Imagine a bus is zooming through the streets of Barcelona late at night. Two Americans immediately identify each other. The obvious question is posed. “Where are you from?” The first responds, “New York.” The second, “Boise,” followed by silence. The New Yorker replies, “You’re going to have to remind of where that one is again.”
Boise lies at the bottom of the foothills and is a stage for various outdoor activities while still providing an urban lifestyle with its downtown area.
People may not know where Boise is but, once they come, they often stay.
Julie Lane works in the Communication department at Boise State. She has studied and worked in a range of cities such as Austin, Washington D.C. and Chicago before coming to Boise where she has been living and working for the past four years.
“It’s definitely smaller than those places I’d been before, but there is lots to do still,” Lane said.
According to Lane, despite its small size there is still a true downtown area. The traffic isn’t bad and there are a lot of opportunities to get out and be active.
“There are such great restaurants here which, having lived in Chicago, is saying a lot,” Lane said.
Boise offers varying cuisines including Indian, Thai, Afghani, Argentinian and Mediterranean. Professor Alex Punnoose from the physics department has been at Boise State for 11 years.
Punnoose is originally from Kochi, India. Throughout his 11 years of being at Boise State he has witnessed a significant growth in the research department.
“For me to be a part of this growth process, to contribute to this, was very exciting,” Punnoose said.
Punnoose has also found Boise to be a very family friendly city, so for him this a great city to raise his three children. Just last year Forbes Magazine voted Boise the second “Best City to Raise a Family” in the nation.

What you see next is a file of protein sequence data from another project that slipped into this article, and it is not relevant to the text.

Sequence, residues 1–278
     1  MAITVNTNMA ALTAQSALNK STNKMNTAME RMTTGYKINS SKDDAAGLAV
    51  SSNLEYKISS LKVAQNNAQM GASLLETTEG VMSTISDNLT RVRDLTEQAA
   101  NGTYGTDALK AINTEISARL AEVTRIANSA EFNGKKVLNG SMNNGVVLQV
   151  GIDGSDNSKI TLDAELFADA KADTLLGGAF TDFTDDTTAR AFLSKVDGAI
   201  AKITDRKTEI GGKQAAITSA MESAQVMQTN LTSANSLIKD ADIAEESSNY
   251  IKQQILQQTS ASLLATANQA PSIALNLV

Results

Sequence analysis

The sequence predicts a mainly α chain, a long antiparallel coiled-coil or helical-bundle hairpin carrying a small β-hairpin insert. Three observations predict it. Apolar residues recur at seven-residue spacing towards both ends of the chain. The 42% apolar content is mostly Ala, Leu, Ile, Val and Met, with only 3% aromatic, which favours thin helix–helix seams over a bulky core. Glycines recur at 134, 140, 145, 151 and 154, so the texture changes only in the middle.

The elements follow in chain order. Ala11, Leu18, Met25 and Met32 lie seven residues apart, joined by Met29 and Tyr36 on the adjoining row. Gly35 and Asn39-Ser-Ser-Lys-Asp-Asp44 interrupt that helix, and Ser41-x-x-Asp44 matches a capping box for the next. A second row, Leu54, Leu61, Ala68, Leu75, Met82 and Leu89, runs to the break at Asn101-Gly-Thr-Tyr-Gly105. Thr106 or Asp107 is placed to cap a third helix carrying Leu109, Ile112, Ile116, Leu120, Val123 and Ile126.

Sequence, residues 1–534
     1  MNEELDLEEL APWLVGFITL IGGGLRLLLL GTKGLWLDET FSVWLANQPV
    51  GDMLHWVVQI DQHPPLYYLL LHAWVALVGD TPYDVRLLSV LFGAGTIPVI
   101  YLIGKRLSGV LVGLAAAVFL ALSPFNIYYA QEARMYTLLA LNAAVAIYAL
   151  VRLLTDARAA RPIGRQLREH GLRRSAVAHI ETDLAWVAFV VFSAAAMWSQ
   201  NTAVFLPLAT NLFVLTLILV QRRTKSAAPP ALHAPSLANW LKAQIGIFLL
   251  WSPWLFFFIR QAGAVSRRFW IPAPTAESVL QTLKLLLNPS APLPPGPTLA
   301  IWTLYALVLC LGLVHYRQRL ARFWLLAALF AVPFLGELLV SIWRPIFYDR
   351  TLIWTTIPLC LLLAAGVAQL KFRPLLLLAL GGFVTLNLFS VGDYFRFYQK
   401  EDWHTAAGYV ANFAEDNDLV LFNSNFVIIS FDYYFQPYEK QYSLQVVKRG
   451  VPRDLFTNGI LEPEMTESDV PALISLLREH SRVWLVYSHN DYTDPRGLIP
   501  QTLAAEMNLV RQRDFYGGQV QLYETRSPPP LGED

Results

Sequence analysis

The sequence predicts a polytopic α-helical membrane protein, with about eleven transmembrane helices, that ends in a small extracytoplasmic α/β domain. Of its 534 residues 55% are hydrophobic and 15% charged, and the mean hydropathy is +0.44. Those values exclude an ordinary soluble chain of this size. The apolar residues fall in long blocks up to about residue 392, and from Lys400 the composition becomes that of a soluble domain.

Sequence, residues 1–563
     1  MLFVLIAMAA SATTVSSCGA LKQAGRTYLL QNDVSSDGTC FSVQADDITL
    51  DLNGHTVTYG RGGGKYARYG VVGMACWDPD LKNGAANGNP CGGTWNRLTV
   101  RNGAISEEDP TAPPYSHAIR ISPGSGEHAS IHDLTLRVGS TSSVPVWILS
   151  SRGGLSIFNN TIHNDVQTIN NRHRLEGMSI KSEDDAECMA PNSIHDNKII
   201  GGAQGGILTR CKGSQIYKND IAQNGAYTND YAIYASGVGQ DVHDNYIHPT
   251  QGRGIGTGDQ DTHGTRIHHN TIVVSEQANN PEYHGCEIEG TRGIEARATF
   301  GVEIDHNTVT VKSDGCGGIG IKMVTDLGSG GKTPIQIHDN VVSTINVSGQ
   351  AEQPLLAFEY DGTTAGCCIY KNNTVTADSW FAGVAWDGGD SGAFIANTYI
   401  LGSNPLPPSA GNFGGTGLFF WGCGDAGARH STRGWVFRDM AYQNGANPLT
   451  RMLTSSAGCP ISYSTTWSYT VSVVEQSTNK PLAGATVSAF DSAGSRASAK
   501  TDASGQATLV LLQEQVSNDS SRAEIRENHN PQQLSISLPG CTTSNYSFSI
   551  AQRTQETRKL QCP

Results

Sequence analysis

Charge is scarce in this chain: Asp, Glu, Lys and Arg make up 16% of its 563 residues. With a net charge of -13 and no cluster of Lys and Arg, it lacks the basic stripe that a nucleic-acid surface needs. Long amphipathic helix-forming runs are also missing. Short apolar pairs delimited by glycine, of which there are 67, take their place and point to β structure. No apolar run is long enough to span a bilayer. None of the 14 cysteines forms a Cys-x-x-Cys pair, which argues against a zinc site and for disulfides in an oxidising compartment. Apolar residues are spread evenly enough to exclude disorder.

However, Punnoose would like to see a bigger contribution towards education from the government and the community.
“I would like to see students able to spend their time for preparation for their classes,” Punnoose said.
Associate professor of French, Jason Herbeck had never been to Boise before accepting the job at Boise State nine years ago.
Herbeck finds that at Boise State he can be very flexible in his research. When expanding his research he was greeted with encouragement from his colleagues as opposed to discontent, something that he did not experience at other universities.
Herbeck has many good things to say about the city as well. Having previously lived in New York City, he finds Boise a good change of pace.
“I think it’s the perfect size,” Herbeck said.
Herbeck appreciates the range of cultures that can be found in Boise. From the art museum and galleries to the theatre houses and dance troops, Boise is filled up to the brim with cultural possibilities.
“I’d like to see even more diversity in the population,” Herbeck said.